The CloudZero Explorer is our powerful way to view and explore your cloud bill by allowing you to filter and group your charges based on different dimensions.

Your Cloud Bill

The AWS bill is a large data file that lists every charge you accrued. Each charge is a line item, a single line of the bill, which specifies the time period that the charge originated from as well as the service, resource and consumption type that precipitated that charge. The time period is generally one hour (it cannot be less than an hour in the AWS billing, for services that charge for granularities less than an hour, AWS will consolidate those charges for the entry onto your bill) except for some things like Taxes, Reserved Instances, etc.

So an example of a line item might be: you were charged for EC2 network costs, on February 25th from 9:00-10:00 UTC against the EC2 machine with ARN xyz, for a cost of $5.00.

If you have another cloud provider like Snowflake connected to CloudZero, line items from your bill will be treated similarly.

The CloudZero Explorer

The CloudZero Explorer is a visualization of your bill. While at first glance it may seem similar to the AWS Cost Explorer, our aim is to augment the AWS tools by giving you more context that is relevant to your business via dimensions, accessible from an interface that is simple and intuitive to use and focuses on helping you understand how your cloud costs changed over time and crucially, what is driving those costs.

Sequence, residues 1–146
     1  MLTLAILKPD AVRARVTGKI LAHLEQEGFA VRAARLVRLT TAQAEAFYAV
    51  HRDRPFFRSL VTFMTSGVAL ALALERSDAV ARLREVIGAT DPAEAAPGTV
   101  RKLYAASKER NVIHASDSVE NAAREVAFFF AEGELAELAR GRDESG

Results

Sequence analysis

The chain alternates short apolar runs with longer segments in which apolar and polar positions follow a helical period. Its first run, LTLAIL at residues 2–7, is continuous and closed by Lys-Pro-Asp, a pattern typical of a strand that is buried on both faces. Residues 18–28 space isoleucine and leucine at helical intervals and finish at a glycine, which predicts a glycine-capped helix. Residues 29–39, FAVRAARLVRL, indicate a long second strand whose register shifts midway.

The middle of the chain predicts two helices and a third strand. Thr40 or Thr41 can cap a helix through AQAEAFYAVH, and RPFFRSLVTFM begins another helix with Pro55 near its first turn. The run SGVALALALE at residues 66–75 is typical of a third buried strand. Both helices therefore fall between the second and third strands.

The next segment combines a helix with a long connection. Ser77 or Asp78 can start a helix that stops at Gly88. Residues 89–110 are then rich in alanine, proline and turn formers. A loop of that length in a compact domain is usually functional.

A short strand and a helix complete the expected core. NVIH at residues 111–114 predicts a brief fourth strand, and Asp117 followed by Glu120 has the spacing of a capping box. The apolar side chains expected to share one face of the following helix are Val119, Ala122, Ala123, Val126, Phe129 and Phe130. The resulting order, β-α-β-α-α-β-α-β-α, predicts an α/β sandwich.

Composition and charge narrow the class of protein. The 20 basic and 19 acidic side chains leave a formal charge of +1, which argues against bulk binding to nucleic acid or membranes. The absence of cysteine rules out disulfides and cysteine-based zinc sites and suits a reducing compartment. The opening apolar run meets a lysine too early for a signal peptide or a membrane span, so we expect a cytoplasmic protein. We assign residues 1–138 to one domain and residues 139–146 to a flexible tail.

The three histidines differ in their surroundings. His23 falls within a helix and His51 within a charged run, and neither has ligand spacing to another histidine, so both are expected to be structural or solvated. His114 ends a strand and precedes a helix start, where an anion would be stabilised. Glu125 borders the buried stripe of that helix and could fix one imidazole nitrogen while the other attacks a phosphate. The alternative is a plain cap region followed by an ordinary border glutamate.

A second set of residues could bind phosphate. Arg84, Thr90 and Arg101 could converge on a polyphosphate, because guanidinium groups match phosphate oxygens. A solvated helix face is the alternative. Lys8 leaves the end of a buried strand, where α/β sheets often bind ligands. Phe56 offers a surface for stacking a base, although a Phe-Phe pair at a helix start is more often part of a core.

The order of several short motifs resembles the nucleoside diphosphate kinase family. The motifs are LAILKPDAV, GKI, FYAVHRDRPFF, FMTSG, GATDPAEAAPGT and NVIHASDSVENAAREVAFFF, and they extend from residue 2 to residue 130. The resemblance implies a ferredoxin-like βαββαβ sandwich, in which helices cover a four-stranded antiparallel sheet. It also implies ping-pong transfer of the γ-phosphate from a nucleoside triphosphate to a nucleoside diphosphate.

Cost Graph

The main part of the Explorer shows your cost graph: a graphical representation of your cloud costs (y-axis), over a span of time (x-axis.)

The top left displays your total cost represented in the data you are viewing. Below that we represent how much the cost has changed when compared to the same filtered dimensions in the previous time period.


Key Concept: Cost of Change

Below your total cost in the upper left of the graph is an amount (displayed both in absolute and percentage change,) telling you how much your cost has changed compared to the same time period previously.

For example: If you are viewing all of your EC2 service charges for the last 7 days, CloudZero will show you how this cost compares to your EC2 service charges for the 7 days preceding that time.

Please note that the previous time period is not represented on the chart visualization!
This feature allows you to quickly understand if the data you are viewing represents an increase or decrease in spend.

Right on the chart you can can toggle between Real Cost and Billed Cost.


Key Concept: Real Cost

The Explorer defaults to a view that CloudZero calls "Real Cost." Real Cost filters your bill to only display charges directly related to consumption. So for example, charges stemming from Taxes and Support costs will be taken out of this view. The purpose of this view is to allow engineering teams to understand very quickly how their AWS cloud consumption is changing over time.

Billed Cost on the other hand should reflect the exact prices you'll be invoiced for from AWS.

Changing the Time Period

In the upper right you can pick new time periods to view. You can pick several pre-canned common views (last 3 days, last 7 days, last 30 days), or pick a custom range of dates to view. You can also change between different time granularities on the graph, picking from options like hourly, daily, weekly, and monthly.

Filtering and Grouping your Cloud Spend